Klopp: Werner and Havertz are 'great' but it's 'rather quiet' at Liverpool

Oleh Chris Myson 7 Jun 2020 255
Klopp: Werner and Havertz are 'great' but it's 'rather quiet' at Liverpool

Jurgen Klopp says it is "rather quiet" at Liverpool in terms of pursuing transfer targets, as he labelled Timo Werner and Kai Havertz "great" players.

Liverpool have been heavily linked with RB Leipzig striker Werner and Bayer Leverkusen attacking midfielder Havertz over recent months.

But reports have suggested they will miss out on both stars, with Werner close to joining Chelsea and Havertz said to be in line for a move to Bayern Munich.

Liverpool manager Klopp was happy to acknowledge the quality of his compatriots in an appearance on Sky Germany.

But he explained the coronavirus crisis is giving the Premier League leaders pause before making any big financial commitments.

"There are a lot of good players on this planet," Klopp said. "Timo Werner is a great player, Kai Havertz is a great player.

"Right time, opportunity – everything has to come together. Six, seven weeks ago, we didn't know if we could play again this year.

"If we hadn't played the second half of the season, we would have thought, 'Okay, when can you really play football again?'. And now it starts right away.

"We act as if everything is already settled. It's not settled. We use this little loophole we've been left to play football again.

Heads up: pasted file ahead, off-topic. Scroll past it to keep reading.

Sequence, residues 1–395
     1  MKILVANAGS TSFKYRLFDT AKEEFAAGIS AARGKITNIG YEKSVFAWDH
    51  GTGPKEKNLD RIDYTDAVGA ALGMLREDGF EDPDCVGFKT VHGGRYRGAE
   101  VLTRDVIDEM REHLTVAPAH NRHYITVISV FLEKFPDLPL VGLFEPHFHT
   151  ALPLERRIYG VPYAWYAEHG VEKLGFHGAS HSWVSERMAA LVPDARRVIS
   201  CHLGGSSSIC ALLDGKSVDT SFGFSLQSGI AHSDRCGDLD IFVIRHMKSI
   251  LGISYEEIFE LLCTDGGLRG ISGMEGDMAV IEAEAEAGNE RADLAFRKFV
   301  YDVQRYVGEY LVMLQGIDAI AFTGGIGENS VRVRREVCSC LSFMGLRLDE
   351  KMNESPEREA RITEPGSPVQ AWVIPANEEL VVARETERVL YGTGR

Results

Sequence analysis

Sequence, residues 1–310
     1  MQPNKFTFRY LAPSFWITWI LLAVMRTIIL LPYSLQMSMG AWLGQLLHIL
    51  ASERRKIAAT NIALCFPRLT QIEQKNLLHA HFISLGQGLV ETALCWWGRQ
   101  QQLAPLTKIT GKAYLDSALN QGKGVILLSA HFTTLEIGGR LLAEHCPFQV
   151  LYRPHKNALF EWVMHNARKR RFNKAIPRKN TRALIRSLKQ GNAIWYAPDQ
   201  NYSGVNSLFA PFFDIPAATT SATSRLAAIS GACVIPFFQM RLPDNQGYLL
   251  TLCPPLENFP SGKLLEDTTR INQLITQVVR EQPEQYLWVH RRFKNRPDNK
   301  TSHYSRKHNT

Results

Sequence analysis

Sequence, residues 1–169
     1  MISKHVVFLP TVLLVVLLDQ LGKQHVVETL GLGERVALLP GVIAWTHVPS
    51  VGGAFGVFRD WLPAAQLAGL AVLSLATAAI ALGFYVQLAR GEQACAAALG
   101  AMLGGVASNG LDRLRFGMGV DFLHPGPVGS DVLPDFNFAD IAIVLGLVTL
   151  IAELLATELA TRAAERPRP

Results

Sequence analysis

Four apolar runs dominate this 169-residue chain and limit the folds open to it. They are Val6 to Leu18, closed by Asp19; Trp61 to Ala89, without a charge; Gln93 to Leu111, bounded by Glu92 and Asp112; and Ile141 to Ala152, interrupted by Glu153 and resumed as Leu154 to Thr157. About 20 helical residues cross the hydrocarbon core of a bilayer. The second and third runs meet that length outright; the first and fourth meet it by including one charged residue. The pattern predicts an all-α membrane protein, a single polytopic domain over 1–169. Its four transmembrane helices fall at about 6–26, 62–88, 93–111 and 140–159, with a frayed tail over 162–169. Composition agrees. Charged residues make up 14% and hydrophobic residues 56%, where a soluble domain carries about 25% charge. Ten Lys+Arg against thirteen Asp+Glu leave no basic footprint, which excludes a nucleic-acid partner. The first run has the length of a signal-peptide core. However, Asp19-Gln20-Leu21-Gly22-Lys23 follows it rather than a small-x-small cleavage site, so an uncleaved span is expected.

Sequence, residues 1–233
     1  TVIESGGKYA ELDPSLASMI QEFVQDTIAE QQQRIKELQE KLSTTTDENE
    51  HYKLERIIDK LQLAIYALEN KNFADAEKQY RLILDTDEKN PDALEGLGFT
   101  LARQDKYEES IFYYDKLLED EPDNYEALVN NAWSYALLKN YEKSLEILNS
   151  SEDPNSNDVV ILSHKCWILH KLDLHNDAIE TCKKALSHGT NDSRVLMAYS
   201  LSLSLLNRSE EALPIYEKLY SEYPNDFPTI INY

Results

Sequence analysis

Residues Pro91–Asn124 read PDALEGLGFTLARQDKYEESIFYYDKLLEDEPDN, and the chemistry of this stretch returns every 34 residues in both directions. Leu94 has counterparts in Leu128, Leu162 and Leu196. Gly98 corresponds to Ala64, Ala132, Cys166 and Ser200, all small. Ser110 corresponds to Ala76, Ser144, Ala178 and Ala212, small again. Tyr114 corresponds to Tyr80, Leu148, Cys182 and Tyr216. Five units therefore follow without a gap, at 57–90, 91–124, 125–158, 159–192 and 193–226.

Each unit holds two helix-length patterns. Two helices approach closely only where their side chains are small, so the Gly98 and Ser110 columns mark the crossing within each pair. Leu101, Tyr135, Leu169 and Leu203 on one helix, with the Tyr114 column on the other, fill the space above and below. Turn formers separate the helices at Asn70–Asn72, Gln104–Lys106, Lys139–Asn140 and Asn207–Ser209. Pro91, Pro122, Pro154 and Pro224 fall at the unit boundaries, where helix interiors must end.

"Everything else we have to see the moment it happens. We can't pretend now that everything's going to be fine in the future."

Discussing the impact on football finances, Klopp added: "There are all sorts of rumours in England about who Manchester United are going to pick, Chelsea are going to pick.

"It's rather quiet here [at Liverpool] at the moment, I think it's safe to say. 

"If you want to take it seriously, run a normal business and depend on income, you have no idea how much you will earn – especially because we don't know when we can start playing with spectators again.

"At the moment, all clubs are losing money. Without spectators, we have to pay back the season tickets and probably sell none next year. At least maybe without the first 10 or 15 games.

"The VIP areas won't be packed and the tickets won't be sold. This will have an impact on other partners and things will look a bit different.

"Discussing with the players about things like salary waivers and on the other hand buying a player for £50-60million, we have to explain."

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Chris Myson